Crestfallen Westwood is left to reflect on the one that got away

Lee Westwood remains the only golfer in history to finish in the top three of all four majors and never win one after placing third in the 2013 Open

Andy Lyons/Getty Images Lee Westwood in action at the 142nd Open Championship at Muirfield
Lee Westwood in action at the 142nd Open Championship at Muirfield

Lee Westwood would find it ironic if he knew the reason Garrick Porteous is having the time of his life this summer.

The daily Porteous practice sessions at the Northumberland club’s practice ground are heavily focused on distance control – he marks out the yardages with cones.

Although the North East’s British Amateur champion missed the cut in the Open he has otherwise been a serial winner this season.

Yesterday, it was an inability to put the ball on the spot which stood between Westwood, attached to Close House, and winning his first major at the 62nd attempt.

He said: ”I’m a philosophical person. It just doesn’t wind me up or get to me anymore.”

Westwood remains the only golfer in history to finish in the top three of all four majors and never win one.

Yet when a birdie at Muirfield’s fifth hole restored Westwood’s final round to par, he had a three-shot lead over the field.

With the East Lothian galleries treating cheerful chappie Westwood generously, like their own adopted player, surely this was the time for him to get the monkey off his back.

Sadly, by the time he walked off the 14th after leaving a 12-foot birdie putt two feet short, it was to see Phil Mickelson was three shots clear and on such a brutal course there was no coming back from that. In between, Westwood made wrong decisions on clubbing and, coupled with inaccuracy in terms of direction, this caused him to visit both the rough and the bunkers three times – needing two attempts to get out of the pot bunker at seven.

With his very best putting touch deserting him at key moments, Westwood had to settle for a share of third place.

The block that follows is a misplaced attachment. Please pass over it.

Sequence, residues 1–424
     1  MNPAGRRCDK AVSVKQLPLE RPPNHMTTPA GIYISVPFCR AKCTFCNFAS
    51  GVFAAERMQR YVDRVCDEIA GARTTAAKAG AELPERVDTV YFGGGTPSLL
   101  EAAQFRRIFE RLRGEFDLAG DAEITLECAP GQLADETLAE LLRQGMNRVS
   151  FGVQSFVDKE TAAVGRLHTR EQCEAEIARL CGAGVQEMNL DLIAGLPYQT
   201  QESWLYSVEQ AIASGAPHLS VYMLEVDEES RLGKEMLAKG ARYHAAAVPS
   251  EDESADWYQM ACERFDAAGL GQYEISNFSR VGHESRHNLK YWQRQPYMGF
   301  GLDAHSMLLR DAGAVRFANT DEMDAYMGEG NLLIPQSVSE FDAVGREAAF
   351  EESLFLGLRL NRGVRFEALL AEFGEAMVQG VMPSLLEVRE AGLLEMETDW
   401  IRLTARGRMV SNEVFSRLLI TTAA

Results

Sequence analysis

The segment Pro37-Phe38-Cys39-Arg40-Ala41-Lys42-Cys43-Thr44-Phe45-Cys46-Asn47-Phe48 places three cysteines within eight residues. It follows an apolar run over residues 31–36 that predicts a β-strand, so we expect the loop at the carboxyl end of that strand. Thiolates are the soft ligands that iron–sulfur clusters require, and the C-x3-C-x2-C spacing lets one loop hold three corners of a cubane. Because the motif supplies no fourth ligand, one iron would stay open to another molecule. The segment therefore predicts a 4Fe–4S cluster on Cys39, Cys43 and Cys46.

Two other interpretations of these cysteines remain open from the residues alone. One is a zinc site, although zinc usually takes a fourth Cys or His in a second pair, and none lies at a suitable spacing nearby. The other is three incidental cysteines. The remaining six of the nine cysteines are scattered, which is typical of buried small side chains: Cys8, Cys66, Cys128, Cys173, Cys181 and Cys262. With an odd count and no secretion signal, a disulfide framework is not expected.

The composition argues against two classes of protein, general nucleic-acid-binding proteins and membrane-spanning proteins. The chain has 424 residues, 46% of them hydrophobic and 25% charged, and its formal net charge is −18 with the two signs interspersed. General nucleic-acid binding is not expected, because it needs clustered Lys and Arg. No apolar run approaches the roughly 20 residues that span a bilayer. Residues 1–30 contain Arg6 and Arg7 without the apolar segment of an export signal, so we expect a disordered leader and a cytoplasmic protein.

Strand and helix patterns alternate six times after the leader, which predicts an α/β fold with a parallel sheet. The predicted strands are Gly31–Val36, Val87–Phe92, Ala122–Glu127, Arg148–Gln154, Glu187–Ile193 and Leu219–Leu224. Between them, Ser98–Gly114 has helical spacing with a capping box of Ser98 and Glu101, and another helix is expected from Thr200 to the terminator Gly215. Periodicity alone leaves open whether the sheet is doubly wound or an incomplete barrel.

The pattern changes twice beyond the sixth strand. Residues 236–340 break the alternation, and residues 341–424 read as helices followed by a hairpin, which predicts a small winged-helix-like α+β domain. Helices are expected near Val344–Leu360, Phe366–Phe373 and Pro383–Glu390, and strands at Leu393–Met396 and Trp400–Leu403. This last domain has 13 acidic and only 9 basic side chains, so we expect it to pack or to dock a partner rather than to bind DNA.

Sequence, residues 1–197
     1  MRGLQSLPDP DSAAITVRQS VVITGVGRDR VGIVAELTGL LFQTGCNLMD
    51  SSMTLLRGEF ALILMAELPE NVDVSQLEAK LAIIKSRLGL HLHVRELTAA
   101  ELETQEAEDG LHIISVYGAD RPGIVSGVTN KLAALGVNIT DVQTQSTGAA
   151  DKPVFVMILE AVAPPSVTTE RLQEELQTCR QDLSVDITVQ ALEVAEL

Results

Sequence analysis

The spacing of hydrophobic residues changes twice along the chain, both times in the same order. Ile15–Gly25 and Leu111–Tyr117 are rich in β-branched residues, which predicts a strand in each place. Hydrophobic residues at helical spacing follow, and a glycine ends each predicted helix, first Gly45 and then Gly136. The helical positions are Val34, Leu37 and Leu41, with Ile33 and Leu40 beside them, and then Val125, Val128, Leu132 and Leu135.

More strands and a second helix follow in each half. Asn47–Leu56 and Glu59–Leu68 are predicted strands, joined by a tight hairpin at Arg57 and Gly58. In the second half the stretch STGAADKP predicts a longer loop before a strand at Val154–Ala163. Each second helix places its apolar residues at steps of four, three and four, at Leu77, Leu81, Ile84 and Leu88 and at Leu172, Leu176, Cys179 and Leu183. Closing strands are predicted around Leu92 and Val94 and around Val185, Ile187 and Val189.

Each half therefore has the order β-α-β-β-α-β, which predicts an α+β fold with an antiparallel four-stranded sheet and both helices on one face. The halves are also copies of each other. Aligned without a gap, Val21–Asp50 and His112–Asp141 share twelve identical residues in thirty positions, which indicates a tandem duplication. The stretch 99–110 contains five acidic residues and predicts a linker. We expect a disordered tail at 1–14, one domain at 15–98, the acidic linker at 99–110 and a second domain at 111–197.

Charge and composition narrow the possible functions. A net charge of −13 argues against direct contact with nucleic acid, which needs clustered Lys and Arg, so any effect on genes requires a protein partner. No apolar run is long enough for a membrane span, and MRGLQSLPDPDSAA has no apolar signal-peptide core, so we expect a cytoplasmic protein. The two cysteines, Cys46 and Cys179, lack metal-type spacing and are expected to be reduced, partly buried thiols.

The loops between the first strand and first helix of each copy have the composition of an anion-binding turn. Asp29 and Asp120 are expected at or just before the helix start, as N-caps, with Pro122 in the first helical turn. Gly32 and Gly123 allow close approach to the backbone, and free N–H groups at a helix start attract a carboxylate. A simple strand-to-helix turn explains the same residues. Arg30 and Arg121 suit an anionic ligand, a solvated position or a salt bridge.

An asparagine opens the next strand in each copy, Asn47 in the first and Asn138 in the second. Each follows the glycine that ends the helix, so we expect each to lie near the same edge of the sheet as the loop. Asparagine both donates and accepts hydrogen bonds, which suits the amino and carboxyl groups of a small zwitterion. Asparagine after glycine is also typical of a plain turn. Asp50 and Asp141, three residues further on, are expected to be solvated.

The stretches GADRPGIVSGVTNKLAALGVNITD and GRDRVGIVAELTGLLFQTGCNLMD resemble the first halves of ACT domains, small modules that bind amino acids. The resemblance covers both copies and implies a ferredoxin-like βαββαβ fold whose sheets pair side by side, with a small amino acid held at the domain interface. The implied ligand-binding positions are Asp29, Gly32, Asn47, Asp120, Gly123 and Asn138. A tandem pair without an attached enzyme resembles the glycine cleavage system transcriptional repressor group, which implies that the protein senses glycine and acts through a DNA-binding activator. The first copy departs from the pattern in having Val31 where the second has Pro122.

He added: “It’s a tough golf course and you have to have your A game.

“I missed a few shots out there. I hit the wrong club at seven. I was sort of stuck between clubs and came up with a nine-iron.

“I tried to hit a 9-iron and it was never going to get there, it plugged in the front trap.

“It was the wrong club, really I should have known. The wind felt like it just dropped a little bit and 200 yards is a long way for a niner.

“I plugged it in the trap at eight going for a flier and I hit poor tee shot off nine.

“So I had three plugged lies on three holes.

“You’d like to go par, par, bogey, I went bogey, bogey par. It Just halted my momentum a bit.

“Phil Mickelson played well, shooting the round of the day and birdieing four out of six – that’s a pretty special finish in a major championship.

“Sometimes you play well and somebody plays a bit better and sometimes you play poorly.

“I didn’t do either today and Phil played well, but you have to play well to give yourself your own momentum and I just couldn’t get there today. I didn’t really feel like I had my A game.

”There was not any luck involved. I just didn’t hit good shots when it mattered.

“You make your own luck.”

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